The historic Fremont Avenue Bridge over the Midtown Greenway in Minneapolis will close indefinitely to motor vehicle traffic Friday morning to preserve its structural integrity, city officials said Thursday.
It will remain open to bicyclists and pedestrians.
Load restrictions were placed on the bridge following an inspection, but overweight vehicles continued to cross, authorities said.
To prevent further decay, motor vehicles will no longer be permitted to cross until Minneapolis and Hennepin County leaders “can find a long-term solution to the problem,” a city spokesman said Thursday.
The now 103-year-old structure has been in an advanced state of deterioration for at least 10 years.
A 2005 report by the Minnesota Department of Transportation gave Fremont a sufficiency rating of 29.5 out of 100, noting the worsening condition of the bridge’s girders — its primary load-bearing elements.
Concrete was weathered and cracked, allowing leaking water to trickle through.
A rating below 40 might indicate a life expectancy of less than four years, officials said.
At the behest of the city’s public works department, an engineering firm conducted a study in 2007 to analyze each of the Midtown Corridor’s historic bridges.
Of the 37 examined structures, the Fremont Avenue bridge garnered the lowest sufficiency rating.
Experts told the city that “the most fiscally responsible alternative for this structure is to program the bridge for replacement within the next three years.”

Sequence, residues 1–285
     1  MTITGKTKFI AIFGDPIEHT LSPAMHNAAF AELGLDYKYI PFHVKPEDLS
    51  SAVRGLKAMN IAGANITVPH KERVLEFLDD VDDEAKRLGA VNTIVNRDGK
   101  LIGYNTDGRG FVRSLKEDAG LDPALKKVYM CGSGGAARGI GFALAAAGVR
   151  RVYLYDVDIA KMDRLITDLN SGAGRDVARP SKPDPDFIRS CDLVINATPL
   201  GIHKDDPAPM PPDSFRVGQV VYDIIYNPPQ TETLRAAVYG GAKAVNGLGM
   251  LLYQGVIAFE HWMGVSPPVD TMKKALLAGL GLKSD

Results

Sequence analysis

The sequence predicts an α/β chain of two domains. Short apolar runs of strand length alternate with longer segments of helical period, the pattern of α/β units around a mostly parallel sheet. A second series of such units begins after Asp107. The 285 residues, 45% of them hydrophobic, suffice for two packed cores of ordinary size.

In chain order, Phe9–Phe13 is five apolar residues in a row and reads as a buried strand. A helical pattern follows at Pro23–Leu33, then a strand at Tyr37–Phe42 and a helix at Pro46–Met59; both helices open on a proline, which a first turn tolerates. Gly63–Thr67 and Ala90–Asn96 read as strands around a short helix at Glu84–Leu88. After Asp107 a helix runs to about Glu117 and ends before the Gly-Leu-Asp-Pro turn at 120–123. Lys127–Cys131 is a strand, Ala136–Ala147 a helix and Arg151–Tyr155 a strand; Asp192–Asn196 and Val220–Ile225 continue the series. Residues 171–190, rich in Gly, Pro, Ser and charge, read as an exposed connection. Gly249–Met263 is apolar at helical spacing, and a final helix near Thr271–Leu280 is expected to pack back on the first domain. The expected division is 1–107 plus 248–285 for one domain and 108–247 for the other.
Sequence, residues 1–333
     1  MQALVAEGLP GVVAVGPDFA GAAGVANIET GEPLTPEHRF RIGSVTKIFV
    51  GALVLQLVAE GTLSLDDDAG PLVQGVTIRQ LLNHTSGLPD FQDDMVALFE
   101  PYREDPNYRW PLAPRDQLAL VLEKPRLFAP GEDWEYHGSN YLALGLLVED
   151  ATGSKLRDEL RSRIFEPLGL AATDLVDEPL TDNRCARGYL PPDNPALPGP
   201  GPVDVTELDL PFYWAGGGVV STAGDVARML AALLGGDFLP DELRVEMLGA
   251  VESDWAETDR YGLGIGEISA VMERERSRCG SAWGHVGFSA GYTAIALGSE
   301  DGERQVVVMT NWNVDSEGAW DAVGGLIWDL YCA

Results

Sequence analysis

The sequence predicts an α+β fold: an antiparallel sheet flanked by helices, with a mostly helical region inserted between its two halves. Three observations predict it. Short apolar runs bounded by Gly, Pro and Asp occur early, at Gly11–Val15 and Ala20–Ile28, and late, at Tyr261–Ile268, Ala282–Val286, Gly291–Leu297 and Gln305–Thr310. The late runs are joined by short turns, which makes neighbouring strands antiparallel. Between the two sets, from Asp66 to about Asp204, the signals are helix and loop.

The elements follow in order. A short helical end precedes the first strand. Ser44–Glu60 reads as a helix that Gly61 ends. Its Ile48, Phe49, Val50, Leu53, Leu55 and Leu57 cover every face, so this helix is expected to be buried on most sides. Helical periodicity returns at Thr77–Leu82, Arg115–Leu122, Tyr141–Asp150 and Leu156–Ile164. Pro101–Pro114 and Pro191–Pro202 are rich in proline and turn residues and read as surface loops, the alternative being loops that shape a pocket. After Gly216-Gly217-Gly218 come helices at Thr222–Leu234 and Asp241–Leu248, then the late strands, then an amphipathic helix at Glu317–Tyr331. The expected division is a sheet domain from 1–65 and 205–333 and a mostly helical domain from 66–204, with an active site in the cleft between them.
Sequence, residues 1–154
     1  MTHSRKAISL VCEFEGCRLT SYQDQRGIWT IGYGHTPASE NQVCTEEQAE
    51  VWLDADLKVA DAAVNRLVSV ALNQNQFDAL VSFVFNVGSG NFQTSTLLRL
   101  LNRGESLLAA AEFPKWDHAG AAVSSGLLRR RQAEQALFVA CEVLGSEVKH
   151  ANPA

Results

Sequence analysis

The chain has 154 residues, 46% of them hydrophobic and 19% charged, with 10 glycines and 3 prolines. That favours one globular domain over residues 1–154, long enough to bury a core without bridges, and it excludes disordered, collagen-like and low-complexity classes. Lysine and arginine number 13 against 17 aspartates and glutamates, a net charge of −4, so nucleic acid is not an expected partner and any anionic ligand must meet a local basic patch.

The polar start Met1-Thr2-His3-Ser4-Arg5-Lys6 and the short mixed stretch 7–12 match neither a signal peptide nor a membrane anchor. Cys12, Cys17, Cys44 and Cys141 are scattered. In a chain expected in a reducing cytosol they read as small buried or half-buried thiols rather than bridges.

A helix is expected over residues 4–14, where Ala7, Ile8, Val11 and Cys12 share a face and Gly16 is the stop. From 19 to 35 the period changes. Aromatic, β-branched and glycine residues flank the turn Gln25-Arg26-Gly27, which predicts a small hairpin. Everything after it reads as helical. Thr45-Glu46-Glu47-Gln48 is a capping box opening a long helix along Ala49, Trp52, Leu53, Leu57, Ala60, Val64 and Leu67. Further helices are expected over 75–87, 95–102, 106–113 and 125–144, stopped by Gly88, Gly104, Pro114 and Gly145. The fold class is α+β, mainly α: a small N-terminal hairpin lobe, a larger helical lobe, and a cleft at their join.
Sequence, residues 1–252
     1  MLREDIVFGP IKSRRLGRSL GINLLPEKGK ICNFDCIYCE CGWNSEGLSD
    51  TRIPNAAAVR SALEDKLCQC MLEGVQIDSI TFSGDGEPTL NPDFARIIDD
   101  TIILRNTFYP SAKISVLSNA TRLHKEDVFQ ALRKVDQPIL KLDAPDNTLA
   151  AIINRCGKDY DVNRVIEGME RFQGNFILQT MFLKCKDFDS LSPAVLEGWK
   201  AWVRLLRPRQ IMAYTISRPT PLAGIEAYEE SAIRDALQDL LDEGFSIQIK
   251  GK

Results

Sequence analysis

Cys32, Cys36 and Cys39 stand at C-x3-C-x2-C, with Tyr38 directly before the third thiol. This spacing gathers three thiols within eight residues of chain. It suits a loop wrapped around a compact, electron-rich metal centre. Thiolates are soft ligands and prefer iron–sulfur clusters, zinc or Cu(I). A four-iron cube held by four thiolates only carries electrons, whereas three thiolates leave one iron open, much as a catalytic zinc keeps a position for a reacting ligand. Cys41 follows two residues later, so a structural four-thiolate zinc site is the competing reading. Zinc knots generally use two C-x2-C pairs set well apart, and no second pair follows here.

Annual inspections were recommended for maintenance.
At the time, reconstruction efforts were projected to top $1 million.
The nationally lauded Midtown Greenway crosses two bridges that are shared with freight trains. In each case, a fence separates tracks and trails. More than 1.5 million people cruise the 5.5-mile greenway each year.
Bridge safety is a particularly sensitive topic in Minneapolis, whose recent history includes the Interstate 35 bridge collapse into the Mississippi River on Aug. 1, 2007, which killed 13 people.
The National Transportation Safety Board cited a design flaw as the likely cause of its fall and said additional weight from construction vehicles on the bridge at the time of the collapse contributed to the catastrophic failure. The replacement bridge opened in September 2008.